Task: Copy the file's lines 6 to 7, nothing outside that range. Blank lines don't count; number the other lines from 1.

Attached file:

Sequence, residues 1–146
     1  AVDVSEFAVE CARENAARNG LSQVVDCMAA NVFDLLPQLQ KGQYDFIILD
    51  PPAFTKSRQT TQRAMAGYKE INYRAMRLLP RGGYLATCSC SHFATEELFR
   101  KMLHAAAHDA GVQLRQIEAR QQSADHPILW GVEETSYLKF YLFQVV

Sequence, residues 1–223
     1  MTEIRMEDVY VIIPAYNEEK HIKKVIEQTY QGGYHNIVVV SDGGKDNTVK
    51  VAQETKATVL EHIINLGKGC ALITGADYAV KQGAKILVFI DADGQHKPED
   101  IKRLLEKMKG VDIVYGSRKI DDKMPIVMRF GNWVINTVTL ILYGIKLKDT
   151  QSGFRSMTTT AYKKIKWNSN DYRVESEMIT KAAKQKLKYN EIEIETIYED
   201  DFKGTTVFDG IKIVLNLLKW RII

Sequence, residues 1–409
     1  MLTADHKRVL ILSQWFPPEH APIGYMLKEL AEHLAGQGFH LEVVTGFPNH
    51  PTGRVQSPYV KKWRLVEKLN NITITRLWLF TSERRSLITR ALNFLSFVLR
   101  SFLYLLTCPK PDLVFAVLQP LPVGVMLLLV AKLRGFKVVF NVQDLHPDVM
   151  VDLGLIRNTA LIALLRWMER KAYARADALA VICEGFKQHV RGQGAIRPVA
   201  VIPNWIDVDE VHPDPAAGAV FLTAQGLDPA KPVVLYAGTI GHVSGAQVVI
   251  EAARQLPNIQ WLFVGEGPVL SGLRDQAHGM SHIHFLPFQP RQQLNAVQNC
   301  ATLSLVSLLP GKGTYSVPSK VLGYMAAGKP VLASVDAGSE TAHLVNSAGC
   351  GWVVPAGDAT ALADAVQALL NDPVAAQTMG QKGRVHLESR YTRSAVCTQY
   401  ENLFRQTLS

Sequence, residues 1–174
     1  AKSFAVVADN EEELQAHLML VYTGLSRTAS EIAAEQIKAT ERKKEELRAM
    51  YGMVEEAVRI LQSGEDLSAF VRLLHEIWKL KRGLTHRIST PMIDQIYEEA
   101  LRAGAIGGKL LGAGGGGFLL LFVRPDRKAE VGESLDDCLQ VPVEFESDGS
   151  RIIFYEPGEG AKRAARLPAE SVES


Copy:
     1  MTEIRMEDVY VIIPAYNEEK HIKKVIEQTY QGGYHNIVVV SDGGKDNTVK
    51  VAQETKATVL EHIINLGKGC ALITGADYAV KQGAKILVFI DADGQHKPED